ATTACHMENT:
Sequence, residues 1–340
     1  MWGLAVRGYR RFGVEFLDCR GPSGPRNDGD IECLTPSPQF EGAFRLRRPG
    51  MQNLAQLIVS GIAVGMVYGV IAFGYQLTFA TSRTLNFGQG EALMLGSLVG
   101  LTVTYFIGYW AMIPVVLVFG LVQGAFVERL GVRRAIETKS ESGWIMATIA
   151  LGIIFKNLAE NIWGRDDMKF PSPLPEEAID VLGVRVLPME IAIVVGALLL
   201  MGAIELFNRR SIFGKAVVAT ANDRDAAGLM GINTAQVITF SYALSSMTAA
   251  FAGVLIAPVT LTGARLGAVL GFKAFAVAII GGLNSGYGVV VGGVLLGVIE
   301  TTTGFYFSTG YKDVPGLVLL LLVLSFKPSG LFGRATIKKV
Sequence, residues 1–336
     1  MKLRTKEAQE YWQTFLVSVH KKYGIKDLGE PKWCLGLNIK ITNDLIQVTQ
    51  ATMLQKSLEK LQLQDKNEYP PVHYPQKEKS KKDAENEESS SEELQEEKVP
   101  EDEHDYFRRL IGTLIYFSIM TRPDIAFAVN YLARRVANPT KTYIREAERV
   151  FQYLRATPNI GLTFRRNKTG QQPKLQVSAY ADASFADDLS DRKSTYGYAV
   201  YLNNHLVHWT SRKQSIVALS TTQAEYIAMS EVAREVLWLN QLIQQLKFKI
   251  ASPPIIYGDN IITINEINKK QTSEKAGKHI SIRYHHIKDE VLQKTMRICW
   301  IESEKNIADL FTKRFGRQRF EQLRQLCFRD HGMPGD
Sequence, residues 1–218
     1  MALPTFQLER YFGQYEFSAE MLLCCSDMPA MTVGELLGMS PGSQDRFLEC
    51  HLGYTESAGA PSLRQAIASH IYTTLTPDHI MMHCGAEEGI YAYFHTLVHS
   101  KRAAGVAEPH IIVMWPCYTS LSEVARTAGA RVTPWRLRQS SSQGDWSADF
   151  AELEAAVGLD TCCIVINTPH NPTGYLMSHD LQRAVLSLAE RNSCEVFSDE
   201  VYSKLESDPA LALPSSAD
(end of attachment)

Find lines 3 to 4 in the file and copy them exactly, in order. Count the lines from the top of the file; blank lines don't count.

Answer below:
    51  MQNLAQLIVS GIAVGMVYGV IAFGYQLTFA TSRTLNFGQG EALMLGSLVG
   101  LTVTYFIGYW AMIPVVLVFG LVQGAFVERL GVRRAIETKS ESGWIMATIA